Speaking of gaming and diversity, Kotaku’s editor-in-chief wrote a smart piece on the subject recently as well:
The old game-length question stopped perpetually leading to outrage once it had been asked a lot. It only stopped creating blazing headlines once all the true or half-true or false answers had been tried and once we’d all played enough of the games about which it had been asked.
Today, you’ll see the occasional game developer get in trouble with releasing too short a game, but the scandal of game length has mostly settled into the steady-pulsed understanding that some games are long, some games are short, some games are good, some games are bad, not always respectively.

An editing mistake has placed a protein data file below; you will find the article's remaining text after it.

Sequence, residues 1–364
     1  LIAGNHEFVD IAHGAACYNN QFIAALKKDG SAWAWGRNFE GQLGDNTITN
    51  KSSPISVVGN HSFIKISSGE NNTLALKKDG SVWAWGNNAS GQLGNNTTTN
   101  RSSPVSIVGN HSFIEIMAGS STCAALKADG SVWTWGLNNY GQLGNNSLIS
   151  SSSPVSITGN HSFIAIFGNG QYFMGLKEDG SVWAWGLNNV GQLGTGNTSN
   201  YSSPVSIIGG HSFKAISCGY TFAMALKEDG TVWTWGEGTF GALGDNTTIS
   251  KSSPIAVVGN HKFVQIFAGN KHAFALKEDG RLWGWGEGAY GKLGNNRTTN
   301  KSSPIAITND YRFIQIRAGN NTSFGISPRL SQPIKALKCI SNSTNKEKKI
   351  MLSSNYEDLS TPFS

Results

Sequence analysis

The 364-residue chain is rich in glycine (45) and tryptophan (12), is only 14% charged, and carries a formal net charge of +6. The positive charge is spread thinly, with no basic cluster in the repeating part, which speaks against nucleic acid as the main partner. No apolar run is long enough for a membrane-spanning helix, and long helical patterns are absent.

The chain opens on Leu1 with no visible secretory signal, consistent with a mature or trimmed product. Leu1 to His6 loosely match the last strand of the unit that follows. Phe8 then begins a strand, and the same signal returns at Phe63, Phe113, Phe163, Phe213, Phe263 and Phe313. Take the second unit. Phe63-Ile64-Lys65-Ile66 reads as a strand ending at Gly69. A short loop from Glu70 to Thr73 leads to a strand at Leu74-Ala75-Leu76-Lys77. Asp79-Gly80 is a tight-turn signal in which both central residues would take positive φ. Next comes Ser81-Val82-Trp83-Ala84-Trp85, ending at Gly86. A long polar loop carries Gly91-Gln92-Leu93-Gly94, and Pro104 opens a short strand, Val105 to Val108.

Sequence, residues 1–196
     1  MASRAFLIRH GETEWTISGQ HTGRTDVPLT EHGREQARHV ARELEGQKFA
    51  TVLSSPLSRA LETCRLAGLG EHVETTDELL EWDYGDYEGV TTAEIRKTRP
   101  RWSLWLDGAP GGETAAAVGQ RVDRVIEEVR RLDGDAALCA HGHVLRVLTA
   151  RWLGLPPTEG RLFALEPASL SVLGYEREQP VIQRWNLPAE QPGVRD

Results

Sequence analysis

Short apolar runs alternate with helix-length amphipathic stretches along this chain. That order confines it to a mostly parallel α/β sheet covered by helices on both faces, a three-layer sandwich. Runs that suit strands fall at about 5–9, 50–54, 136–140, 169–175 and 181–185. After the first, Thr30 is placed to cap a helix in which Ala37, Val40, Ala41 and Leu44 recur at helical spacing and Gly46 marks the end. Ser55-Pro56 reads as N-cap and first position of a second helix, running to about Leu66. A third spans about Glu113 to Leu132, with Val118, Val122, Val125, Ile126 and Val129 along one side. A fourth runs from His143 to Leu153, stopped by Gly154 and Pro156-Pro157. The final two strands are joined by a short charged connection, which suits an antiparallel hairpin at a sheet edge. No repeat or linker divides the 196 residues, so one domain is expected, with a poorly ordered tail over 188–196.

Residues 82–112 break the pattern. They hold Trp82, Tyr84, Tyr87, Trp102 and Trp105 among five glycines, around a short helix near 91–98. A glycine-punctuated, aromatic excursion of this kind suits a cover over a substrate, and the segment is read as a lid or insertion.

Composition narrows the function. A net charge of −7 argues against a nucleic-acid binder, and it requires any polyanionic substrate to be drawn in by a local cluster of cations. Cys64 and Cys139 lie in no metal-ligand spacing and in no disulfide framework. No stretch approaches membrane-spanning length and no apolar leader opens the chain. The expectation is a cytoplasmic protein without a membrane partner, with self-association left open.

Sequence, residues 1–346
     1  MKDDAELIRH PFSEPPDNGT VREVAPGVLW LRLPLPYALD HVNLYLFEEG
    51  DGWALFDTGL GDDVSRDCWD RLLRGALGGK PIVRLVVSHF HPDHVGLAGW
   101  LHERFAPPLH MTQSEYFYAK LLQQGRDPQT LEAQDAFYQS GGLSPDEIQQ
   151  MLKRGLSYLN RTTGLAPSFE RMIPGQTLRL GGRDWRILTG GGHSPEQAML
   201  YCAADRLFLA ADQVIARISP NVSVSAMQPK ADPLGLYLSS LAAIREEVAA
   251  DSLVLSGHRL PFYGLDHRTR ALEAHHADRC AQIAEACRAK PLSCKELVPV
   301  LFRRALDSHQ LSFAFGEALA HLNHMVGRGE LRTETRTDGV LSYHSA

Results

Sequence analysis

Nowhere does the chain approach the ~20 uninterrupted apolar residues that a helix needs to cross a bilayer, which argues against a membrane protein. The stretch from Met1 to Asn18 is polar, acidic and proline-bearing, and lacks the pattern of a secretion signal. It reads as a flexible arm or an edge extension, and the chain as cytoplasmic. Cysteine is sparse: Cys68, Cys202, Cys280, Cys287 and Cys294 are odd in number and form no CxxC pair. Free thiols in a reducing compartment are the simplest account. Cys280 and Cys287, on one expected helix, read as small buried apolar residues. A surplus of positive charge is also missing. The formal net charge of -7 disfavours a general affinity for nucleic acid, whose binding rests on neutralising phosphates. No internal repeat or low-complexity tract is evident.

We’re not quite at the same level of understanding of diversity in games, and I wouldn’t expect us to be. The length of a game may involve issues of value and aesthetic quality. Diversity is far more important, and much more complicated. It can affect aesthetics, yes, but it can also affect the people who play games and how we think about the work we’ve expected to entertain or engage us.
Succinctly, Steven argues it’s going to be a messy issue to sort through, but the more we probe on this issue, the stronger gaming will be as an overall industry.